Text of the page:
Teacher Feature: Margaret Pai
Margaret Pai with her students’ artwork at the de Young at the 2023 Citywide Youth Arts Festival
Margaret Pai’s journey as an art teacher began when she was an SFUSD student. As a Longfellow Elementary School student, she created artwork that was displayed at the Youth Arts Festival in the de Young Museum at Golden Gate Park. Now, her Hoover Middle School art students are displaying their art work for the same event at the de Young.
“At Longfellow School, teachers would do a little bit of art, starting in kindergarten. But we didn’t have specialized elementary art teachers like we do now. It depended on the individual teacher to include art in their curriculum,” said Margaret. “My third grade teacher Mrs. Maurino made it a point to include art for her students, and my fourth grade teacher Mrs. Purgalis specialized in art for the school. She not only taught art to her own class, but switched classes with other teachers to provide an art experience for more students. Longfellow School also had their own annual student art show where some of my artwork was displayed.”
“One art piece I made with Mrs. Purgalis was a paper mache parrot sculpture. I started out with a stiff tailed cat and my teacher said it reminded her of a parrot. I was inspired to morph my cat into a parrot and it was eventually displayed at the Youth Arts Festival at the DeYoung Museum. I also remember a stitchery project that was displayed at the DeYoung the following year. These experiences helped encourage my interest in art."
Margaret’s 4th and 5th grade artwork from her own school days
Margaret was inspired to go into teaching because of her teacher aunts, and the teachers she had in elementary and junior high school (Aptos Middle School). “My junior high school teachers knew how to reach out to students to help us explore our full potential. My teachers introduced me to new experiences which gave me the opportunity to try a variety of different things. Junior high/middle school teachers teach at a crucial point in students’ lives.”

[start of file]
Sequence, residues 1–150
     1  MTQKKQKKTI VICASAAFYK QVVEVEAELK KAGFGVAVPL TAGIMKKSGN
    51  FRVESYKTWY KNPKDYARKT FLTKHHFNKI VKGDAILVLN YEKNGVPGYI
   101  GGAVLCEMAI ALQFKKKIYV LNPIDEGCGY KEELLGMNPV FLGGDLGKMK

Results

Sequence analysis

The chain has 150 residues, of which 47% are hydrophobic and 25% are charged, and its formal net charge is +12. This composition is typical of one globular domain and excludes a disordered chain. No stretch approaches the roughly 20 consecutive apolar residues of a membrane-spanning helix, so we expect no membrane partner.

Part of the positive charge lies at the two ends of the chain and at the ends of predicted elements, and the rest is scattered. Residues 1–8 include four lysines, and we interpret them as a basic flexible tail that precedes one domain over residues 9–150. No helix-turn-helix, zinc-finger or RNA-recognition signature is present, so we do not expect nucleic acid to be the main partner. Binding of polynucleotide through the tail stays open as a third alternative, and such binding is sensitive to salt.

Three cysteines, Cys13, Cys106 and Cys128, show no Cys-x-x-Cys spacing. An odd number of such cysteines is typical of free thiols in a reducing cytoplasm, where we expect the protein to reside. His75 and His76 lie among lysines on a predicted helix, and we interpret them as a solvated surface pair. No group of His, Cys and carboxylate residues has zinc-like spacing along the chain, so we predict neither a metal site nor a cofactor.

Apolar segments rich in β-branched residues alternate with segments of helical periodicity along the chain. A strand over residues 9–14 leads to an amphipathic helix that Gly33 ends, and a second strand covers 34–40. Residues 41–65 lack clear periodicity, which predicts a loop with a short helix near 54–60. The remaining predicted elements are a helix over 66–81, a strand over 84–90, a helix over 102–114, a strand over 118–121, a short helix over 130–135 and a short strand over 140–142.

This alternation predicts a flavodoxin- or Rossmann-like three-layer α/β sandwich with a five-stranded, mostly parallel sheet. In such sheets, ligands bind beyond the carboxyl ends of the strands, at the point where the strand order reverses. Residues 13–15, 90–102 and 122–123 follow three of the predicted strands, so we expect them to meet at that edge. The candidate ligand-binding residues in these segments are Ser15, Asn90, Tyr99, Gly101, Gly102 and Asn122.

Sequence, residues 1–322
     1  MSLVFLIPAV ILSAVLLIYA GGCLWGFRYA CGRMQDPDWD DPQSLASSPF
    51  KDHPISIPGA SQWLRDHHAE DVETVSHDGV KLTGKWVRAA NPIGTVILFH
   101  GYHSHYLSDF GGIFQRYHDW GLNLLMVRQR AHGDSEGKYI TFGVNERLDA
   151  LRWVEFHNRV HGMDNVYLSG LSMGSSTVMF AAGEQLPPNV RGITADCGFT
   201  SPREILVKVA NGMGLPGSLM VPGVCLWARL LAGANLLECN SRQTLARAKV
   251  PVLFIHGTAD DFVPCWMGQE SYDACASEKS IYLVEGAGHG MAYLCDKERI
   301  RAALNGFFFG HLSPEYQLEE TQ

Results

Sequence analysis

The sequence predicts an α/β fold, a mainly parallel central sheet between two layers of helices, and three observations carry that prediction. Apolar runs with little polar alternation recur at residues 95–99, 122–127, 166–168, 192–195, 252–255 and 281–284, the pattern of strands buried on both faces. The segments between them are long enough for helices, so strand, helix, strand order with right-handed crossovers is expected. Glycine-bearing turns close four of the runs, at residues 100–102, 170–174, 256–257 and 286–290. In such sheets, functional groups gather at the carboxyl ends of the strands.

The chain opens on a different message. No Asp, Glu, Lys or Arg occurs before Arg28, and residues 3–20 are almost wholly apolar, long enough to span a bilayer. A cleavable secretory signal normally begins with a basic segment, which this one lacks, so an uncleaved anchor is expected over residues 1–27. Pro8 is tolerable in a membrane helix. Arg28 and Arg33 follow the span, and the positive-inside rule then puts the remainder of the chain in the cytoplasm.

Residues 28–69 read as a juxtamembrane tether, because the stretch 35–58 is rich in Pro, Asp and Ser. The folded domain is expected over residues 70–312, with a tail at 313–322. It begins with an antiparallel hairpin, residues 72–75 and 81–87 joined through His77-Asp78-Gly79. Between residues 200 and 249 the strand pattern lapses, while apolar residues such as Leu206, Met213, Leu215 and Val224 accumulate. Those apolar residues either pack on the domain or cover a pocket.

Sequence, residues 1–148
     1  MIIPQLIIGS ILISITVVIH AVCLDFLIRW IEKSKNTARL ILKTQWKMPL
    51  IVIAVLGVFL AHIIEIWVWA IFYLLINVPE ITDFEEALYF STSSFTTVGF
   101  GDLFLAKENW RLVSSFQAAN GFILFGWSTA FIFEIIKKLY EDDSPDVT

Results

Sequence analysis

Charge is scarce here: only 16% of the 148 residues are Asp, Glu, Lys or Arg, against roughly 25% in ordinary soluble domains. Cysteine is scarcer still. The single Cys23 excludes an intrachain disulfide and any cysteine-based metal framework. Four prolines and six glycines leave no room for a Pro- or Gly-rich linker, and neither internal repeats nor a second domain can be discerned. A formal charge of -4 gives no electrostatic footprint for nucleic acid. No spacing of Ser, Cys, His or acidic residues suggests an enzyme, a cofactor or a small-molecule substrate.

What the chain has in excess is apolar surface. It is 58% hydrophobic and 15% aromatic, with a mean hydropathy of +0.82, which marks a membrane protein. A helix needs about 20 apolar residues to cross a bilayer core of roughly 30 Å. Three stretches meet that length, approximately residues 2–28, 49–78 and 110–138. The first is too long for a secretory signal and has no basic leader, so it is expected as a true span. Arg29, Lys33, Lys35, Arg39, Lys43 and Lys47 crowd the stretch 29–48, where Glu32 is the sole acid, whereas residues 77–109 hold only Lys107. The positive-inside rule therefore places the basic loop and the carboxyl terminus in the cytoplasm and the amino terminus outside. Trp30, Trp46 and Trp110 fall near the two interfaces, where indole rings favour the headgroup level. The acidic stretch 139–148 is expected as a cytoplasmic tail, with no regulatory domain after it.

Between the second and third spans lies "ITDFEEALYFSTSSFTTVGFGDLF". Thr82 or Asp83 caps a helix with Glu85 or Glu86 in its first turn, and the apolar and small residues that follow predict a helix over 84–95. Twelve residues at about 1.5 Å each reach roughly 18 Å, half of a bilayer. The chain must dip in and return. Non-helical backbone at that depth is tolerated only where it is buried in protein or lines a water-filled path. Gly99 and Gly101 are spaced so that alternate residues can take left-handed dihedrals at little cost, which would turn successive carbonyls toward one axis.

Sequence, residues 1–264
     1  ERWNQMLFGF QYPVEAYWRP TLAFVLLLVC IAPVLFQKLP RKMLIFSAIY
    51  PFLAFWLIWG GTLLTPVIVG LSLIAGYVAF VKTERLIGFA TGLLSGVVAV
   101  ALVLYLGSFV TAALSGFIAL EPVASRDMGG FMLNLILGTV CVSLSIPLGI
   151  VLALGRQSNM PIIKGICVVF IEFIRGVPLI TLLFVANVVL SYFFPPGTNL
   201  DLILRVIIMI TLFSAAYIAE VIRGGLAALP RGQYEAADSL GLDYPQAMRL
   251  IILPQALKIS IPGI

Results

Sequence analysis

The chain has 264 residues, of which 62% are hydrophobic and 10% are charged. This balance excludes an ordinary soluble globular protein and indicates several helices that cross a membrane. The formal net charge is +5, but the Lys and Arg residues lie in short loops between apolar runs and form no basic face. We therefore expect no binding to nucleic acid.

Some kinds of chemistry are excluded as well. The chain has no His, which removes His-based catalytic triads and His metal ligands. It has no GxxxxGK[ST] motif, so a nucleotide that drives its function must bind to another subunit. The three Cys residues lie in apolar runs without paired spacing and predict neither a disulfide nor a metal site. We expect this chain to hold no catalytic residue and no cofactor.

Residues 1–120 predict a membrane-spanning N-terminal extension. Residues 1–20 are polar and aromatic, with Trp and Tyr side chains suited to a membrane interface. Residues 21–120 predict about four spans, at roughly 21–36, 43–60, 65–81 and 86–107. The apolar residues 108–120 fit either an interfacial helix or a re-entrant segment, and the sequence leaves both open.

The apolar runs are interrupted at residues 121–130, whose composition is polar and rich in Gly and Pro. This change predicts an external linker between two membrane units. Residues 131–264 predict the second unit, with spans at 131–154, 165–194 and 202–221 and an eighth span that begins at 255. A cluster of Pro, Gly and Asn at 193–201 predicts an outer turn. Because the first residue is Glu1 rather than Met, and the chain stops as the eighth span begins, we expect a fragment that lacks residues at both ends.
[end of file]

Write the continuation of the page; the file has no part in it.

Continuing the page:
With her Hoover students, she enjoys teaching group mural work, sculpture, drawing, painting, and some digital work. “I think students enjoy mural work because they get to work collaboratively as a team and see their work on public display, drawing and painting lessons because they learn specific steps that build skills for personal pleasure, and digital work because it is current and they get immediate satisfaction,” she said. Her students also worked on backdrop and set paintings for the school’s musical theater productions created by chorus teacher Mr. Koppes, and STEAM teacher Mr. Aringo, whose students built the set pieces. For herself, she enjoys watercolor and photography (her major in college).
Margaret has taught at Hoover since 1994. She was previously a substitute teacher in the district and at San Mateo Union High School District. She worked at Armstrong High School and Charles Armstrong School teaching art classes, supporting students with dyslexia. She estimates she’s taught between 3,000 to 5,000 students during her time at Hoover.
“When I taught high school, students would tell me about their positive art class experiences while they were still in high school. In middle school, a teacher might not hear a student articulate this, until later in their lives. I’ve had chance meetings with multiple former Hoover students, who as adults have told me how much they appreciated their middle school art classes and how it gave them an outlet to be creative and a way to express themselves.”
This page was last updated on May 8, 2023